The motto for the City of Barron, Wisconsin, is: "Be kind. Be strong. Be together. Be Barron." Nathan Emmons has embraced this motto in all that he does.
Over the span of 44 years, he has focused on bringing people together and caring for the community. He is a 17-year veteran of the Barron Police Department and founded the city's K9 program. Before that, he was a pastor for 27 years, counseling families during times of joy and crisis.
While he was focusing on the community's heart, his own heart was hiding a secret, life-threatening condition.
In 2016, Nathan was working a night shift at the police department when he began experiencing chest pain. An otherwise healthy person, he was alarmed and went to the Emergency Department at Mayo Clinic Health System in Barron. The results from an echocardiogram and blood work were normal, and he was sent home to recover.
Nathan continued to have sporadic periods of chest pain, nausea and vomiting after periods of physical exertion.
"I would have chest pain and puking, but then it would be fine," he says. "I found that if I drank water, it would relieve my symptoms. So I just carried water with me all the time."
While he was controlling most of his symptoms, Nathan really wanted to get to the root of the problem. In 2019, Brad Kruger, a Family Medicine physician assistant and Nathan's primary care provider, referred him to Gastroenterology for additional testing.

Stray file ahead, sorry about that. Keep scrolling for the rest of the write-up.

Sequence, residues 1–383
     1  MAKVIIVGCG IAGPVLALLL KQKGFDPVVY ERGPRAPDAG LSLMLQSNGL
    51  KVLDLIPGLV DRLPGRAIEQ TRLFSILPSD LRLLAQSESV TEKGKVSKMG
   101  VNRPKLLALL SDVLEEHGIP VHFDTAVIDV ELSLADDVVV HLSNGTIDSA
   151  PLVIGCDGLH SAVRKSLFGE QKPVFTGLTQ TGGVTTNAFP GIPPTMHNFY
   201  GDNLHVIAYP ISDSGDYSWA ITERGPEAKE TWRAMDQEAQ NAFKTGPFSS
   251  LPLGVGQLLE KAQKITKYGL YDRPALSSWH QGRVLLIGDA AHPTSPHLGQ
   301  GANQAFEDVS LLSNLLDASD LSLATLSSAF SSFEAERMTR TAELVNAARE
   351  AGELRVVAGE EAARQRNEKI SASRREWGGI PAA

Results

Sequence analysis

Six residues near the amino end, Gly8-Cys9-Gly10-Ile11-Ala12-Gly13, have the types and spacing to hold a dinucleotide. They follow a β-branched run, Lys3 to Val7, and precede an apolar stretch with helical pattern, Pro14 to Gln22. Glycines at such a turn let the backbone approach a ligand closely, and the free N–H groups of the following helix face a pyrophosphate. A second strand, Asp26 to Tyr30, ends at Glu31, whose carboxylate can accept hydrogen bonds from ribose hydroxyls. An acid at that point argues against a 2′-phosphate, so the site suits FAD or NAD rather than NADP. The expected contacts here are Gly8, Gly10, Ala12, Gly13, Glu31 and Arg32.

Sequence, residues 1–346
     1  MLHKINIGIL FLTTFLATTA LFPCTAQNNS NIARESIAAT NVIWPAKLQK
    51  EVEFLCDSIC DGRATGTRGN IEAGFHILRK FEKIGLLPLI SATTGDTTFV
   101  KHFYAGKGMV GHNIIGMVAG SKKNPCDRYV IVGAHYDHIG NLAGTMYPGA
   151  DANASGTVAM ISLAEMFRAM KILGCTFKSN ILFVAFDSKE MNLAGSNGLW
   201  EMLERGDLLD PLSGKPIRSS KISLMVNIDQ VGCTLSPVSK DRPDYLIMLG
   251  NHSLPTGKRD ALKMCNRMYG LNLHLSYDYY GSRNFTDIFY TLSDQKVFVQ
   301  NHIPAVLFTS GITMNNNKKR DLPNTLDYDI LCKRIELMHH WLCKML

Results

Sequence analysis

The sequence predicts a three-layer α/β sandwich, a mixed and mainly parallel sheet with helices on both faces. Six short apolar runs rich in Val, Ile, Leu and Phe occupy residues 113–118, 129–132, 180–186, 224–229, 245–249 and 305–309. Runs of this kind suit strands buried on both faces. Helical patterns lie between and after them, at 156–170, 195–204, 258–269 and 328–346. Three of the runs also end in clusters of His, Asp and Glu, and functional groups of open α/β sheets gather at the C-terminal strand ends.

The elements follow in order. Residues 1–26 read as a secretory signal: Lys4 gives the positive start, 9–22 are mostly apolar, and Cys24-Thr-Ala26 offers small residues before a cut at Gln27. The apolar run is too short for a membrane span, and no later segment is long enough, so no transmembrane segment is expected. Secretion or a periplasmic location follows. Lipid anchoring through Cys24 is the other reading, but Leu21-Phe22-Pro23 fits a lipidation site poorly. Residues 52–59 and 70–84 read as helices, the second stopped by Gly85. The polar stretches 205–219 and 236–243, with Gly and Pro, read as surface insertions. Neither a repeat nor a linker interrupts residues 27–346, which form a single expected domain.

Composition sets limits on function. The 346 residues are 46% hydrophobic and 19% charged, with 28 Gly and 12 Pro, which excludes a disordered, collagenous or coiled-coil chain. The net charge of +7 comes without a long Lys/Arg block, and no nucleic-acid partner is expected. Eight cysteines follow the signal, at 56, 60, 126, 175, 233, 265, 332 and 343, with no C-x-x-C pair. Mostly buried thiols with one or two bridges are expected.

An endoscopy showed that Nathan had a hiatal hernia. This occurs when the upper part of the stomach budges through the large muscle separating the abdomen and chest.
"Hiatal hernias are common in Western countries. The frequency of hiatal hernias increases with age from 10% in patients younger than 40 to 70% in patients older than 70 years. However, only 9% have symptoms," says Christian Mendez, M.D., a gastroenterologist at Mayo Clinic Health System in Barron and Eau Claire, Wisconsin. "Large hiatal hernia can cause heartburn, regurgitation of food or liquids into the mouth, difficulty swallowing, chest or abdominal discomfort, and early satiety."
Over time, Nathan's symptoms became more regular, and drinking water no longer provided relief.
"By the end of 2021, it was taking less effort to cause symptoms," he says. "Even brushing snow off the car or running the K9 dog around cars for drug sniffs triggered chest pain and vomiting," Nathan says. "I always had to carry a bottle of water with me."
In January, Nathan decided to have Dr. Mendez reevaluate his hernia. After a repeat endoscopy, Dr. Mendez confirmed that Nathan had a small hiatal hernia and inflammation of the stomach lining.
These conditions explained Nathan's nausea and vomiting but not his chest pain. Dr. Mendez wanted to dig deeper.
This article first appeared on the Mayo Clinic Health System blog. You can read the rest of the story there.